The city of Saint Louis in north Senegal (UNESCO) with its nice colonial colorful buildings, relaxed atmosphere, very attractive cultural offer and magnificent natural environment, is one of these places you will never wish to leave.
History of Saint Louis
Founded in 1659, Saint Louis was named in honor of the king of France Luis XIV. It is the oldest city in the western African coast; it was the capital of the French West Africa until 1902 and the capital of Senegal and Mauritania until 1957.
Saint Louis became the neuralgic center for the European merchants who were travelling in the river Senegal towards the interior of the continent in search of slaves, gold, leather, ivory and other products, beside exercising a considerable influence in the parts of Africa under French domain, and even beyond, in terms of architecture and also for education, culture, crafts and services.
Guet N’Dar, the fisherman village of Saint Louis
Placed strategically in the mouth of Senegal River, Saint Louis is divided into three parts: N’Dar’s island (the historical part of the city) which is connected with a bridge to the fishing village in the peninsula Guet N’Dar (the Langue de Barbarie) and to the continental part with another bridge.
One of them, the one that joins the island with the continental part is Faidherbe’s bridge; many guides say it was designed by Eiffel, though not entirely true this information.
Saint Louis’s island was named UNESCO World Heritage
Touring around its streets perfectly laid out from north to south and from east to west, you can observe the rich colonial past which still remains and discover magnificent mansions and wonderful colonial houses with wooden balconies, some restored and others in decadent conditions.
In the dock area there where the storages rooms, still nowadays is possible to find the old labels with the name of the companies and imagine the frantic movement of goods and people that would have existed in the same places going back many years ago.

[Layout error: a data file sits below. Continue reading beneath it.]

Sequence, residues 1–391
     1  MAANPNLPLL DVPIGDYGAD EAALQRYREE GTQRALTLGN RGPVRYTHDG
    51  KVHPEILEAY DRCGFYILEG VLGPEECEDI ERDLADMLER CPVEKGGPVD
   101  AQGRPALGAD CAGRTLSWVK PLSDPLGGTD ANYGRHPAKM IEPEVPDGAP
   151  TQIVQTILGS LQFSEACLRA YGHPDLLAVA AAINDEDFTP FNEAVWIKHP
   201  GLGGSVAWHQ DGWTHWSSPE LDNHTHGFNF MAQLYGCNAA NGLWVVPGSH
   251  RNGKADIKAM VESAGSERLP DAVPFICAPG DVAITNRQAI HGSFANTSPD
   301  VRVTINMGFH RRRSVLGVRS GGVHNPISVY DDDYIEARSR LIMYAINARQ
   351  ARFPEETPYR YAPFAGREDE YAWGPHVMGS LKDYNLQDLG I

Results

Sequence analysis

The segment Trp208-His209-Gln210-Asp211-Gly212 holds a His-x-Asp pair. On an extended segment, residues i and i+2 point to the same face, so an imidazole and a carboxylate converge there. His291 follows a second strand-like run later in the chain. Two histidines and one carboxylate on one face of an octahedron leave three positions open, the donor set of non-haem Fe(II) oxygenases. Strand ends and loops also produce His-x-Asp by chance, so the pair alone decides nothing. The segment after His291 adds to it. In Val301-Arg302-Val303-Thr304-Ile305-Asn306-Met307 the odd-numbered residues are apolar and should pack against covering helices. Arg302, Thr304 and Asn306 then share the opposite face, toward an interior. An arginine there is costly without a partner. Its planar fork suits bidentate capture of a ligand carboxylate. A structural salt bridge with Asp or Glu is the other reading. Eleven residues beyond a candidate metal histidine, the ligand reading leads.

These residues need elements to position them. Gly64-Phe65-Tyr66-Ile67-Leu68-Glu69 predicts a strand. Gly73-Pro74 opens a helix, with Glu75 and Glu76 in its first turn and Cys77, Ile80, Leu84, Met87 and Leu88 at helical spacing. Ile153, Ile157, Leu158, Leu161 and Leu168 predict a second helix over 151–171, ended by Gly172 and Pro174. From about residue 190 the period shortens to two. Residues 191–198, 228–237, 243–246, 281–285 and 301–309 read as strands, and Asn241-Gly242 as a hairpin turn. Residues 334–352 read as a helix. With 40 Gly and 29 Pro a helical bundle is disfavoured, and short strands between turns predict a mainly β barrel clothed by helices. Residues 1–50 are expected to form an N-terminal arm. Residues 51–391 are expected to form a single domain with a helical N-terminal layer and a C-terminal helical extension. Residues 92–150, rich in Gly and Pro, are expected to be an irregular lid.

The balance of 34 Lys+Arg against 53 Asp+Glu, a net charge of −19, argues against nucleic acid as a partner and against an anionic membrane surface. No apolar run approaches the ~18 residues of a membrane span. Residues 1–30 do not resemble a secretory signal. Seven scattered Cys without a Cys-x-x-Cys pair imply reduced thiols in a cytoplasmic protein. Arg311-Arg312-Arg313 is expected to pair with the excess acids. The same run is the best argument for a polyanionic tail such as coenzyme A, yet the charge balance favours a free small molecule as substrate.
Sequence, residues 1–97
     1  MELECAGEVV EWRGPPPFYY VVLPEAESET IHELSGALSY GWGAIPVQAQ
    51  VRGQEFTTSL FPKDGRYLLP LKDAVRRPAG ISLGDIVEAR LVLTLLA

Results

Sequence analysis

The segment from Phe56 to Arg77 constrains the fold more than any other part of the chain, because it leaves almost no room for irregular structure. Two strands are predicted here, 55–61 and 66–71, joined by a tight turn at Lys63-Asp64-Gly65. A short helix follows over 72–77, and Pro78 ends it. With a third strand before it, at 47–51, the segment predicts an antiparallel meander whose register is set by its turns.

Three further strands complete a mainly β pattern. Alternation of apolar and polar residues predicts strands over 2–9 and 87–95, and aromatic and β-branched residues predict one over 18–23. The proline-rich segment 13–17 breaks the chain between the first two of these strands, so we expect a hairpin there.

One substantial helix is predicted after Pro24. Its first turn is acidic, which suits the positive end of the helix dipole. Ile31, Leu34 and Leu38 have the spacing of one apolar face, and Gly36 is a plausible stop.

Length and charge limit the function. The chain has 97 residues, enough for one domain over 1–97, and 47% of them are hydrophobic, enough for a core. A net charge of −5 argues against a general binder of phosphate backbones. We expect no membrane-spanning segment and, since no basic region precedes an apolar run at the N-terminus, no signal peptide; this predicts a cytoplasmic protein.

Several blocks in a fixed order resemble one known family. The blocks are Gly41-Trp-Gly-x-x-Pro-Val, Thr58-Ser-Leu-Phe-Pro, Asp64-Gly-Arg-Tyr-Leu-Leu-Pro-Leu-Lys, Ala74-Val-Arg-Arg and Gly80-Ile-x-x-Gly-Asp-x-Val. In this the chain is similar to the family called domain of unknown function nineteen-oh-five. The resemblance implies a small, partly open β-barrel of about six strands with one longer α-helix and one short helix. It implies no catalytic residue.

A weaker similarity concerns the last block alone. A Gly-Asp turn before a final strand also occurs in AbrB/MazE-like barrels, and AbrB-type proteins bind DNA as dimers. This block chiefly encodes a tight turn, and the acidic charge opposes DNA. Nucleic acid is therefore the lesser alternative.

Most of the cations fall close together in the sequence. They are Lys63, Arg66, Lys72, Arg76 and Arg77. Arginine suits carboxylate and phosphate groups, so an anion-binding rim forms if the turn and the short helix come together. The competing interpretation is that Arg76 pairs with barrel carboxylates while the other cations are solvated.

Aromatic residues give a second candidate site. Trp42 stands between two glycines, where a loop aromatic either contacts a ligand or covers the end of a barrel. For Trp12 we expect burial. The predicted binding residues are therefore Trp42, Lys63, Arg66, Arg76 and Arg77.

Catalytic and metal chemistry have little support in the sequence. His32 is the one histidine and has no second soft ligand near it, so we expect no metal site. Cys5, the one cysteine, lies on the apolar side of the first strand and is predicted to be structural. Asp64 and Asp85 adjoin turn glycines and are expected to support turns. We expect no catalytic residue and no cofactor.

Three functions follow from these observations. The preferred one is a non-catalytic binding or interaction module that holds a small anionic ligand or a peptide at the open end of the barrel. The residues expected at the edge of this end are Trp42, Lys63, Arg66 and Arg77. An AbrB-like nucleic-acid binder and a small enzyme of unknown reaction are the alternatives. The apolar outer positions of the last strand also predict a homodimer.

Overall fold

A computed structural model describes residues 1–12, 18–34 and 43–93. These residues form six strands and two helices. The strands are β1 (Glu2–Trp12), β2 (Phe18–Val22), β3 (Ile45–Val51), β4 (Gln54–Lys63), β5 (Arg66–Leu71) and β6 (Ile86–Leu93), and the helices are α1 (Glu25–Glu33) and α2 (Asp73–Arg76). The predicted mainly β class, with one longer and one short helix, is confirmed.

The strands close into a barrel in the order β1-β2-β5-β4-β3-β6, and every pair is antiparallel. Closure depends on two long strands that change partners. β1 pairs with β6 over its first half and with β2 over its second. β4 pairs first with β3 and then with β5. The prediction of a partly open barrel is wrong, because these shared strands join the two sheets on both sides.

After crossing the bridge towards the fishing village of Guet N’Dar is like entering into another world. The languid atmosphere of the island disappears giving way to the animated commercial part of the city.
Saint Louis’s fishing port provides fish to a large part of the region and is a marvelous place to see how daily life passes by for the inhabitants of the town.
Langue de Barbarie
Saint Louis enjoys a natural exceptional environment. Langue de Barbarie peninsula is a narrow band of land which separates the Atlantic Ocean from the Senegal River for several kilometers.
The National Park Langue de Barbarie is in the southern tip of the peninsula, close to the mouth of the Senegal River (it contains two small islands) and it also includes a section of the continental part on the other side of the estuary.
The park covers a total surface of 2000 hectares, and is home of numerous aquatic birds, the best season to visit the National Park is from November to April, when migratory birds come back from the north in Europe.
Djoudj National Bird Sanctuary
If we visit Saint Louis from November to March and especially in January, we cannot miss a visit to the nearby Djoudj National Bird Sanctuary.
Each year, thousands of birds migrate from southern and eastern Africa, Europe and Asia to the wetlands of the Senegalese coast to breed, feed, escape from winter or as a transit zone to other skies. Djoudj National Bird Sanctuary is the third largest bird reserve in the world.